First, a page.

Hammond accused of lying about loan charge lobbyist
In a letter to committee chair Nicky Morgan MP, Mr Hammond is urged to provide “evidence to back up his claim” or, if not, table a “correction” to his “simply false” statement.
But, not picked up by the letter is another of the chancellor’s new bold claims – that the one LC taxpayer who HMRC says killed themselves may not have done so due to the charge.
“HMRC is aware of one case where, sadly, a taxpayer committed suicide, where there was an open loan charge investigation underway. That does not mean there is a link between the two events”, Mr Hammond said.
Also in his oral evidence to a review by the committee of Spring Statement 2019, he copied Mel Stride MP’s move of sounding sympathetic about the distress which tax bills (but not retrospective tax bills) can cause.
“Owing the Revenue a large sum of money [and] finding out that one will have to pay a large sum of money to the Revenue is a stressful and traumatising experience,” the chancellor said, later adding:
“I have a concern that I want to share with the committee. It is my understanding that the APPG, which carried out this review, is served by a secretariat, which itself includes people who, by their own admission, have been involved in the promotion of these avoidance schemes.
“That, it seems to me, is something that the House needs to think about very carefully, whether it is appropriate and whether it, in any way, affects the ability of the House to carry out its work through these APPGs.”
The Loan Charge APPG responded: “We hope that, as previously, the chancellor will correct the record.”
The APPG's chair Sir Ed Davey, who wrote the letter to Ms Morgan, explained: “The secretariat of the Loan Charge APPG is provided by the Loan Charge Action Group (LCAG).
“This was proposed and agreed by the APPG officers at the inaugural meeting on January 23rd and is clearly documented on the APPG register.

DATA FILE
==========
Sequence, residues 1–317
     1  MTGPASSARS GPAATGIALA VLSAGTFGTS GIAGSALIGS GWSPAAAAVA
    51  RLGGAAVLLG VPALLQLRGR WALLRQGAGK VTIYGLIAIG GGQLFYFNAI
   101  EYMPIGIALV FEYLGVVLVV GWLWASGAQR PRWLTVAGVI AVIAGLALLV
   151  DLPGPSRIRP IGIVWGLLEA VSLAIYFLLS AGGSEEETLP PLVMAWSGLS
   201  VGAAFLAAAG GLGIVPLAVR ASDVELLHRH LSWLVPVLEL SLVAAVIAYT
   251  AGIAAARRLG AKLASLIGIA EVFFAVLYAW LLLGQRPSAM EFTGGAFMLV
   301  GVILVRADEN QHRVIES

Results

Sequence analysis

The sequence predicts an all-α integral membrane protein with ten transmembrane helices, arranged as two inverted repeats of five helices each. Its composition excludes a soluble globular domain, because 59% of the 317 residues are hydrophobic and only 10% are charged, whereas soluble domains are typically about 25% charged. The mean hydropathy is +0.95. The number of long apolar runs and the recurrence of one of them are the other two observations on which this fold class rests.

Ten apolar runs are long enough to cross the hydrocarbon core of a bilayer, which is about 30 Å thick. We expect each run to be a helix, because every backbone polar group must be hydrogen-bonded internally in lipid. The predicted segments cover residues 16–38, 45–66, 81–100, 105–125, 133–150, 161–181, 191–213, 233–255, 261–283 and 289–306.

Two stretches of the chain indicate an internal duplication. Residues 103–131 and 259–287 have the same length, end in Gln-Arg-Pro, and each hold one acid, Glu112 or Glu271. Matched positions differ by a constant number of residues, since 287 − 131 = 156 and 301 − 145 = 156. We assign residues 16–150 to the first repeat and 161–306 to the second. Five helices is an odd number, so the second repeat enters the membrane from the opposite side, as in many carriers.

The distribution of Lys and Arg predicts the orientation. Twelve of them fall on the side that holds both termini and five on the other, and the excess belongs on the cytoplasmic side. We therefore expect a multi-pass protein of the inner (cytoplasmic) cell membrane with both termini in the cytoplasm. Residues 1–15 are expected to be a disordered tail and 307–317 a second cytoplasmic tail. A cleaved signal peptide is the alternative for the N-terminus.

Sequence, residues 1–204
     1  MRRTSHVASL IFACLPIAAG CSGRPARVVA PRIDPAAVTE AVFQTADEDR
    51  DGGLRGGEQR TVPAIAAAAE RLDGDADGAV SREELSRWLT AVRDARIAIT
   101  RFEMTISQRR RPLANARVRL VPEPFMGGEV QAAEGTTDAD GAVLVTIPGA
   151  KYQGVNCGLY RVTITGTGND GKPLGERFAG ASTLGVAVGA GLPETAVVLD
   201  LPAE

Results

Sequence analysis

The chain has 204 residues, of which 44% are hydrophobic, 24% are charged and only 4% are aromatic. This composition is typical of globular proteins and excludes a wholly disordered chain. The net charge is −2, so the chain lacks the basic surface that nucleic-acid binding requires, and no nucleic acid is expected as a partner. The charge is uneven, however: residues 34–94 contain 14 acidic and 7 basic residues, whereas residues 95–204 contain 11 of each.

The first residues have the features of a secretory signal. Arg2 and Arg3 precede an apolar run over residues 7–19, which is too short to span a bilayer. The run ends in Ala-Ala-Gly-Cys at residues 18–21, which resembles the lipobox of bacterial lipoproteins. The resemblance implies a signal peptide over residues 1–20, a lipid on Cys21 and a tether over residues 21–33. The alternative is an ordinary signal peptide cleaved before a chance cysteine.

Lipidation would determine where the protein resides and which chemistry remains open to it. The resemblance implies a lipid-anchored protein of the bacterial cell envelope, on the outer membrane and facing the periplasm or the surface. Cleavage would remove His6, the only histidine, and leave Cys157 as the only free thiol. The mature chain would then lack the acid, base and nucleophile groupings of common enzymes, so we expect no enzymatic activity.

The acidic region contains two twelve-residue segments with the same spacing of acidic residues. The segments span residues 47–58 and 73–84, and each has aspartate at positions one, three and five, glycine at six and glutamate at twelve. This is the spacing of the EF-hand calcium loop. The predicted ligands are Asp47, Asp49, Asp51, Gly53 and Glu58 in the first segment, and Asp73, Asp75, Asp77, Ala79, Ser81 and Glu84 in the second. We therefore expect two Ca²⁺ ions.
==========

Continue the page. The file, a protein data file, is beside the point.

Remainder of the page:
"The secretariat does not involve anyone who has been involved in the promotion of any avoidance schemes.”
On its website, LCAG describes itself as a not-for-profit organisation made up of people – including its three founding members -- who have been directly affected by the loan charge.
The chancellor’s accusation against it comes after a national paper claimed that a relative of Mr Stride, the minister responsible for the charge, sells tax insurance to HMRC's targets.
Stride Limited, run by the minister’s father and namesake Melvyn Stride, provides “tax investigation insurance” to firms selected for Revenue enquiries, the Telegraph reported.
But it was another MP -- not the financial secretary to the Treasury -- who Mr Hammond used his April 24th evidence session to bring up.
“[Scottish Conservative] Ross Thomson published a statement expressing regret that the published report [of the APPG] made a number of inaccurate allegations”, the chancellor said.
Mr Hammond added that he understood Mr Thomson also regretted that LCAG members with "personal interest in the issues, compiled and produced the report on behalf of the APPG and provided the staffing.”
Two days later however, on April 26th, there appeared to be no let-up in the Scottish Tory’s stance on the charge. Mr Thomson tweeted on Friday:
“Today I met with another constituent who’s [sic] life is being devastated by the loan charge. He is simply unable to pay the £80,000 demanded and he is seriously on the brink of bankruptcy. Another awful story of a real life, of a real person, being affected. #StopTheLoanCharge.”
By last night, more than 170 MPs had signed their names in a letter to the Treasury to support the same -- an immediate delay to the now in-force charge pending a judge-led independent review.